Boeing delivers reversible fuel cell-based energy storage system to U.S. Navy
After 16 months of development, Boeing has delivered a fuel cell energy storage system to the U.S. Navy for testing. The cell is being tested to determine its ability to support the energy needs of military and commercial customers, Chicago, IL-based Boeing announced February 8.
The system is the first of its kind using a technology called a “reversible solid oxide fuel cell” to store energy from renewable resources (including wind and solar), producing clean, zero-emissions electricity.
The system generates, compresses and stores hydrogen. When the grid demands power, it operates as a fuel cell, consuming the stored hydrogen to produce electricity. Boeing’s technology is unique in being able to both store energy and produce electricity in a single system, making the technology “reversible.”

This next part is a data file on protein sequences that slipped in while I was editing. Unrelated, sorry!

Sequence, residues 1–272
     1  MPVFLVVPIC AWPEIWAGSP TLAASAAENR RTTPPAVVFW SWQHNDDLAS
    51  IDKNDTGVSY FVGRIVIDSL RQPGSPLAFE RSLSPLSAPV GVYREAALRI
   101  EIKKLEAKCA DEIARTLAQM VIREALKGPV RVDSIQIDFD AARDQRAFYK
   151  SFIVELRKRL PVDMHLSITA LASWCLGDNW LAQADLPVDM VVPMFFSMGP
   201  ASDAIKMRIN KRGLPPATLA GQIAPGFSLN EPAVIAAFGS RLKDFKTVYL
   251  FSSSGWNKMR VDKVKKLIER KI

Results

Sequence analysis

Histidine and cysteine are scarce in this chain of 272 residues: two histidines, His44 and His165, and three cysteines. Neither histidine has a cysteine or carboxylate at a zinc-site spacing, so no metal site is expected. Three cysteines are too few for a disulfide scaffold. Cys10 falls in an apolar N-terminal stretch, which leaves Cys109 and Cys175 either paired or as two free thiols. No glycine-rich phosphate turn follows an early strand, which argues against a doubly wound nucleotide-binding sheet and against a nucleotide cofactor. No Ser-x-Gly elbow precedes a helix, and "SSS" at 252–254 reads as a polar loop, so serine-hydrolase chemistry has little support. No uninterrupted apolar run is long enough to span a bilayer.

This first unit was commissioned on the Southern California Edison power grid at Boeing’s Huntington Beach, Calif., facility before being installed for further testing on the Navy’s ‘microgrid’ at the Naval Facilities Engineering Command, Engineering and Expeditionary Warfare Center in Port Hueneme, Calif.
“This fuel cell solution is an exciting new technology providing our customers with a flexible, affordable and environmentally progressive option for energy storage and power generation,” said Lance Towers, director, Advanced Technology Programs. “Boeing is known for successful innovation and technology advancement. As the company begins its second century, it’s not surprising that we’d be at the forefront of helping solve the energy and technology challenges of the 21st century.”
Boeing’s fuel cell product was developed using the company’s experience with energy systems for unmanned undersea vehicles and can be adapted and customized for a variety of defense and commercial applications.